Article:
210 diet to ob/ob mice, an experimental model of obesity and fatty liver disease, resulted in

increased adiponectin levels and reduced insulin resistance and hepatic steatosis (Gonzalez-Periz et al., 2009). These changes occurred in parallel with augmented formation of omegas-derived specialized pro-resolving mediators (SPM) in adipose tissue, while formation of the omega-6-derived products PGE2, 5-HETE and LTB4 was significantly inhibited (Gonzalez-Periz et al., 2009). Along these lines, intraperitoneal injection of nanogram doses of RvE1 elicited significant insulin-sensitizing effects by inducing adiponectin, GLUT-4 and IRS-1 expression in adipose tissue and conferred significant protection against hepatic steatosis (Gonzalez-Periz et al., 2009). Similarly, in leptin receptor-deficient (db/db) obese and diabetic mice, nanogram doses of RvD1 improved glucose tolerance, decreased fasting blood glucose, and increased insulin-stimulated Akt phosphorylation while reducing the formation of crownlike structures rich in inflammatory macrophages in adipose tissue (Hellmann et al., 2011). Recently, similar beneficial actions have been described for LXA4 in an experimental model of age-associated adipose inflammation (Borgeson et al., 2012).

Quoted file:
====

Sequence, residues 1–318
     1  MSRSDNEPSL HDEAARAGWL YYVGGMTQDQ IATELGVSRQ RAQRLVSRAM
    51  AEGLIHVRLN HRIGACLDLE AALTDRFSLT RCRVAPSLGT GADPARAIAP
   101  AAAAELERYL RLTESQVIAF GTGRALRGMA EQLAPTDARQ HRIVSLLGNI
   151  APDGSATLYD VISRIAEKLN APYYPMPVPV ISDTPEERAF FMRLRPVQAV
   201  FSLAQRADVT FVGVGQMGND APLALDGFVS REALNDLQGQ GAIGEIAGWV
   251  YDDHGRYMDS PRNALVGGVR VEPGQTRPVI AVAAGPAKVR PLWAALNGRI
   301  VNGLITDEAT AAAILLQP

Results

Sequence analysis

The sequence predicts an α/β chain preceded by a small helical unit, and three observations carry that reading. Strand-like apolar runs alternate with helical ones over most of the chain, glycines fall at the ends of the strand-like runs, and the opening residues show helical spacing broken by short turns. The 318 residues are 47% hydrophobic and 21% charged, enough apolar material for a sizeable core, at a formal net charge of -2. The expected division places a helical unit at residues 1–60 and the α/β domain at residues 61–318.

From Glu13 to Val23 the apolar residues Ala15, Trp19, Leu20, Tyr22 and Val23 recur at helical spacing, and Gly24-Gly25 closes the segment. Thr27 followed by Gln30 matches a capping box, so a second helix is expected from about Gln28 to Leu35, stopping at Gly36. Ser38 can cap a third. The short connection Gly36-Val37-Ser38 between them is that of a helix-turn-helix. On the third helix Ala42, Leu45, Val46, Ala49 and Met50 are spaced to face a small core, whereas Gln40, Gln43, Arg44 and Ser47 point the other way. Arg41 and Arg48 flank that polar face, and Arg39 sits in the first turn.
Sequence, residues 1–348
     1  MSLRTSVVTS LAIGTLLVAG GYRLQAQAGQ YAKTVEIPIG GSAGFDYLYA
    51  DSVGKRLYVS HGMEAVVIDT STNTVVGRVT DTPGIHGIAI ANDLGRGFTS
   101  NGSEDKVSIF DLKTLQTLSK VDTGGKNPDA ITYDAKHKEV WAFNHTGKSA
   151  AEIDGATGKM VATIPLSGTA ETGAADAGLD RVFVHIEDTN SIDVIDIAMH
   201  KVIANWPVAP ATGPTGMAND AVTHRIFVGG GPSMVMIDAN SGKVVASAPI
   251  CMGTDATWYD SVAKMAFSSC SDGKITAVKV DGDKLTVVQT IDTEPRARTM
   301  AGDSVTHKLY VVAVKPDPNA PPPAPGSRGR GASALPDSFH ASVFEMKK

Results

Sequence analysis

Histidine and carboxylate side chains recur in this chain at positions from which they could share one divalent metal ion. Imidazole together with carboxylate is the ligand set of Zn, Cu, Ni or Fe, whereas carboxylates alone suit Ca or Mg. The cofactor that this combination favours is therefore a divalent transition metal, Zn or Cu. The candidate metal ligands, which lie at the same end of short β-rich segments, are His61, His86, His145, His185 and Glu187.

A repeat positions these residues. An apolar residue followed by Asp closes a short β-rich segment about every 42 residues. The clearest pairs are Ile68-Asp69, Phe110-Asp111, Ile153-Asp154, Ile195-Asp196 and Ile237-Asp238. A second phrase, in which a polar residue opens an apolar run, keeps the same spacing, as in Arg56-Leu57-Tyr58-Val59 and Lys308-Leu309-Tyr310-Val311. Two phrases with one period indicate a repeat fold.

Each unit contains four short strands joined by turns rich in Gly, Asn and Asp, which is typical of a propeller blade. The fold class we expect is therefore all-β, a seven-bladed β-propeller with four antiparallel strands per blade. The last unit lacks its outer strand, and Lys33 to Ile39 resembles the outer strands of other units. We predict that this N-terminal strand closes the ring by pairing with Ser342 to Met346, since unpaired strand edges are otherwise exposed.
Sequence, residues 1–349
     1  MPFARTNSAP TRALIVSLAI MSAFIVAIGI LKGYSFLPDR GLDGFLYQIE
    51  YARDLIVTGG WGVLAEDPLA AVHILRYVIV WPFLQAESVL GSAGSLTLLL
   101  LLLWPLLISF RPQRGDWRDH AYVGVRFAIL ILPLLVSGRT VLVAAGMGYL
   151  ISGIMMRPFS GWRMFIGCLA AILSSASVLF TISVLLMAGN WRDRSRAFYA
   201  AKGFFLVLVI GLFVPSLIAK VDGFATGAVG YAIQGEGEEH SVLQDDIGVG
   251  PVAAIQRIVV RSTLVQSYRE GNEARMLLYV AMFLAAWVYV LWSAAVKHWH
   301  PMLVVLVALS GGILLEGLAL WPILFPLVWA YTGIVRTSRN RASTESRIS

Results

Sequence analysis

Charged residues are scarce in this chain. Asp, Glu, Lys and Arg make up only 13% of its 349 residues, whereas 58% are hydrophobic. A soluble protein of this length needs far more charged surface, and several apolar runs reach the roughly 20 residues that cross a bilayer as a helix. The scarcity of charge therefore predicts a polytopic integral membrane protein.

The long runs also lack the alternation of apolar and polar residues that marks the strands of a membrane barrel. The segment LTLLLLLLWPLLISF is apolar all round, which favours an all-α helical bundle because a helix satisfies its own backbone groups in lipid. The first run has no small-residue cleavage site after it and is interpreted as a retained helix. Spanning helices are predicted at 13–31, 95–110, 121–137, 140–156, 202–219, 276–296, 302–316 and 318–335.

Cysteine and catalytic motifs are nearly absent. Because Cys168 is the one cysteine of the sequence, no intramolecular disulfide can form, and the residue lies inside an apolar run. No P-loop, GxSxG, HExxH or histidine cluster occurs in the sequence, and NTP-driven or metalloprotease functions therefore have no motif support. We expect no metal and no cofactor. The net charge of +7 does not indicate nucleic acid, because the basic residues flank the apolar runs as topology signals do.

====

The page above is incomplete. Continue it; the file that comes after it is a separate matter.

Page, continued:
Omega-3-derived mediators can also induce changes in the status of macrophage polarization toward a pro-resolution phenotype. Tissue macrophages are phenotypically heterogeneous and display an extensive receptor repertoire and a versatile biosynthetic capacity that confer them the plasticity to adapt to different tissue microenvironments (Gordon and Taylor, 2005). Macrophages are broadly characterized by their activation (polarization) state according to the M1/M2 classification system (Mantovani et al., 2007). In this classification, the M1 designation is reserved for classically activated macrophages following stimulation with IFNy and LPS, whereas the M2 designation is applied to the alternatively activated macrophages after in vitro stimulation with IL-4 and IL-13. M1 macrophages secrete high amounts of TNFa, IL-1P and IL-6, whereas M2 macrophages dampen pro-inflammatory cytokine levels and promote resolution of inflammation and tissue repair (Gordon and Taylor, 2005). M1/M2 macrophage polarization can be monitored by assessing the expression of selected markers. M1-associated markers include inducible nitric oxide synthase (iNOs) and classical proinflammatory mediators such as TNFa, IL-1P, IL-6 and MCP-1. In contrast, established M2 markers include scavenger, mannose (CD206) and galactose (Mgl-1) receptors, arginase 1, IL-10, chitinases Ym1 and Ym2 and resistin-like molecule (RELM)-a (Martinez et al., 2009).